Home, sweet home birth

Popularity rising of midwifery and home births

If you’ve noticed a homemade trend lately, you may not be surprised to see it’s not just canning jam that’s being done at home — many women are choosing to give birth at home with the help of direct entry midwives.


Of course all births were once home births, or in the fields, wherever women happened to be when it was time — but by 1939, 50 percent of women and 75 percent of Urban women were giving birth in hospitals, according to Midwifery Today’s timeline. By 1950, 88 percent of all births were in hospitals. It wasn’t until the late 1990s that, on a state-by-state basis, direct entry midwives were legally allowed to deliver babies at home, though many states still ban it.

“I think a lot of women want choices, they want to be informed, regardless of where they’re having their baby,” said midwife Lorna Mazoff.

Another direct entry midwife, Debbie Gillespie agrees that it’s all about choices.

“I don’t go out and tell people that they should be doing their birth differently than they want to do it,” Gillespie said. “I feel strongly about women having choices, having options.”

And for some women, a home birth is the right option.

“I decided to do a home birth because I wanted to be comfortable,” Traci Goetz said. “I wanted as little fear surrounding me as possible.”

And for Goetz, hospitals don’t give her a warm fuzzy feeling.

“They’re full of sick people and unwell people,” Goetz said. “When you’re giving birth, it’s life, you should be in a place that’s healthy and positive.”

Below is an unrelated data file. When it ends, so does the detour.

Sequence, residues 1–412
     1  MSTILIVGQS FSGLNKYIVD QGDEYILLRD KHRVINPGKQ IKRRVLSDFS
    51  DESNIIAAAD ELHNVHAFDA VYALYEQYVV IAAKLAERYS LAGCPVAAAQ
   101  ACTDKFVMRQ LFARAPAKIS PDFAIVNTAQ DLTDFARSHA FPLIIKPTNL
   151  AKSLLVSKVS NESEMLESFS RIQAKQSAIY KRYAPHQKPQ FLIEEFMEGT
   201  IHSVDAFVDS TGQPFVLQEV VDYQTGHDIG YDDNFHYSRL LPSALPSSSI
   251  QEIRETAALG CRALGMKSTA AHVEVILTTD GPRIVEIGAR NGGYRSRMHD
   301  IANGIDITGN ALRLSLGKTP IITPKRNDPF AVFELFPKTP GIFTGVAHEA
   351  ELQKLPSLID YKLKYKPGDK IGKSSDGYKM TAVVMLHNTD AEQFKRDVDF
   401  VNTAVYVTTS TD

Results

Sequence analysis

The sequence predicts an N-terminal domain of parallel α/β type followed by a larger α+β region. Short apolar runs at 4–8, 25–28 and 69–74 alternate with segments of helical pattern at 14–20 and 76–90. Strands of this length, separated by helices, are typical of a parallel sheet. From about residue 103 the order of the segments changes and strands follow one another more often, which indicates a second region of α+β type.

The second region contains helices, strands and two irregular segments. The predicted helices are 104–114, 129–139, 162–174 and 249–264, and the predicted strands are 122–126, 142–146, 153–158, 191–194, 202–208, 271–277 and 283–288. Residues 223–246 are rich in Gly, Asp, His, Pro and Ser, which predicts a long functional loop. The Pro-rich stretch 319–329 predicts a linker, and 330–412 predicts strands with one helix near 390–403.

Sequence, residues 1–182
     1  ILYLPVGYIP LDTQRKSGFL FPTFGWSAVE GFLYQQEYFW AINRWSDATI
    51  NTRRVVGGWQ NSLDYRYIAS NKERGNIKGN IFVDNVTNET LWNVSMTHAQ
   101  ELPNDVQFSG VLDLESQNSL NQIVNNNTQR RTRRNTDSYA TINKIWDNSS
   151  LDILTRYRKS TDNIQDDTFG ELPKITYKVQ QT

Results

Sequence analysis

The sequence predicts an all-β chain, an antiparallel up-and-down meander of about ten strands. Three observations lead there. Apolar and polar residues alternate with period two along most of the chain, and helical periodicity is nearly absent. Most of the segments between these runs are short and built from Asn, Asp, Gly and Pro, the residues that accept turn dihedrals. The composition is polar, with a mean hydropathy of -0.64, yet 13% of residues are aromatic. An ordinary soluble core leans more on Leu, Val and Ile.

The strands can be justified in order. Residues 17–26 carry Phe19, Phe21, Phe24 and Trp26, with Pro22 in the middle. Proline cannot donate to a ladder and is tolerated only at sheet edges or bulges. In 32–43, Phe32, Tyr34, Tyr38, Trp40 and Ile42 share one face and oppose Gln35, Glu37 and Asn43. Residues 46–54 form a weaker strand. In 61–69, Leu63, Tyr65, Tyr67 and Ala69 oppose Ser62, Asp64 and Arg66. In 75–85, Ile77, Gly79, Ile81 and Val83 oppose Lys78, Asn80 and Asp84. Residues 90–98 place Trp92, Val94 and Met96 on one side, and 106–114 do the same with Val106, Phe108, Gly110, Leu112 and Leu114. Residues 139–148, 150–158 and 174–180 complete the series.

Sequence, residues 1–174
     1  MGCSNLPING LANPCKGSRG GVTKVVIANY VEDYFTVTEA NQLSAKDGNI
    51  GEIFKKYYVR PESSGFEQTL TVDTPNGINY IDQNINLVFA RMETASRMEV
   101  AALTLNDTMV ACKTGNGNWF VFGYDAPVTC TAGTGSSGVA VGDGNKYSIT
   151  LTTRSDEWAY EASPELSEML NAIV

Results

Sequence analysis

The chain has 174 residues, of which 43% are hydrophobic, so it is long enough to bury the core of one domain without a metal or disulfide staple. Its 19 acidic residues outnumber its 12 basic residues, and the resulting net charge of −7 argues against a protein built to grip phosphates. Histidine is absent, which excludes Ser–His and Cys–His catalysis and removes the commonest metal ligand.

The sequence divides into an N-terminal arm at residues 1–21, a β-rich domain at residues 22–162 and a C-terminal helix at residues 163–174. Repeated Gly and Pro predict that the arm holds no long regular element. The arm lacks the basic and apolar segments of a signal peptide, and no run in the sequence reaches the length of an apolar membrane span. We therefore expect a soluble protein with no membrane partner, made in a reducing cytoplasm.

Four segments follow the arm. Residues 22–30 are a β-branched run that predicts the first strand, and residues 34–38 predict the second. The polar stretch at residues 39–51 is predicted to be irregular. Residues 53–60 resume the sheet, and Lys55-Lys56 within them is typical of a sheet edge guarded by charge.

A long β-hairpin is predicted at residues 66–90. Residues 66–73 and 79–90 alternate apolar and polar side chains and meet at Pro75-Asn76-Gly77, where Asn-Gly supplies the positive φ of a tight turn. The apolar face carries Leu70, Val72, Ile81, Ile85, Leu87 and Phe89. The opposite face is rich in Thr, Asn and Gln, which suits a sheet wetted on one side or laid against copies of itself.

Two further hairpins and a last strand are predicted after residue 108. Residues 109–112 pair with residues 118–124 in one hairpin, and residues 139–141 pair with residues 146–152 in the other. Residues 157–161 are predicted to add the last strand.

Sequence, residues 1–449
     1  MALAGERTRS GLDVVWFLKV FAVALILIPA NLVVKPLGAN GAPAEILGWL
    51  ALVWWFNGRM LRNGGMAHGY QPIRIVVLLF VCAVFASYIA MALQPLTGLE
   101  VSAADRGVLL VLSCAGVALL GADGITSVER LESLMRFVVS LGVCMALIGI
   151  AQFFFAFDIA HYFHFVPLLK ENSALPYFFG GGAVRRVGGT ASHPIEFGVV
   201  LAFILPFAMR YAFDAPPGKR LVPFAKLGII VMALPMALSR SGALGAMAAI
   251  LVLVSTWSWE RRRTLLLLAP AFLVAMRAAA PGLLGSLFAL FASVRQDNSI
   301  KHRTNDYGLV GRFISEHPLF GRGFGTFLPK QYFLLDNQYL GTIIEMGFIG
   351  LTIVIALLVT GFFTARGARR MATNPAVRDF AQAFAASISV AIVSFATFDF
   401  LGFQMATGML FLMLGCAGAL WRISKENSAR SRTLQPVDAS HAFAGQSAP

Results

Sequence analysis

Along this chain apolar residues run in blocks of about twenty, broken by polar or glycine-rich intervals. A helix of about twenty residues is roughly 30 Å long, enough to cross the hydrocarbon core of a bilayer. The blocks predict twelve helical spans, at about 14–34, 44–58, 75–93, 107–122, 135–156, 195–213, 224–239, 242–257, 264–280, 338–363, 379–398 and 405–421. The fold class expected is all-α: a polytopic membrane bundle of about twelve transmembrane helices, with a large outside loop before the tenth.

Goetz had a home birth with Gillespie and had only great things to say about the experience and her relationship with Gillespie, who is still frequently in touch with Goetz, her husband Jeff and their son Fisher.

Angelina Healey Church had a home birth with Mazoff.

“Having my son at home was the most empowering experience of my life. I knew that I had to trust my body and baby to do the work and that the more I relaxed the quicker and easier the labor and birth would be. Being at home allowed me to relax my mind and body to have a quick birth,” she said.

“I was in labor for less than seven hours and pushed for less than 10 minutes,” Church shared. “He was born in the water and weighed 8 lbs. 13 oz. My first child, in contrast, was born at the hospital after 28 hrs of labor that was augmented with pitocin. Birth is such a sacred experience, I knew it would be respected at home.”

Goetz said, “It seemed really unnatural for me to be anywhere but my home,” and added with a laugh, “And I’m lazy.”

The home birth experience has a lot of perks, according to Goetz and Church. Goetz’ son was born with a channel view and they were able to take a nap directly after the birth in their own bed. The timing of things can be more relaxed, as well, Goetz said. Fisher was weighed after the nap.

Gillespie, assisted by Johanna Koranda, took care of things like meals during labor. And they took care of any cleanup afterward.

“When we leave, it will look like nothing happened,” Gillespie said.

Goetz said she called Gillespie when the labor started, around 11 p.m., and Gillespie came with everything in order and stayed through the 6:25 a.m. birth and beyond.

But midwives like Mazoff and Gillespie can be part of the pregnancy and birth process as early as a woman knows she is pregnant and for at least six weeks after the birth — regardless of where that birth happens.

Gillespie said the majority of home births go off without a hitch — she estimates 90 percent — she’s had only two patients transferred to the hospital in the past five years. But Gillespie and Mazoff both said they will take patients to the hospital or call an ambulance and stay with the mother, acting as a doula, if that’s the safest and healthies birth option for mother and child.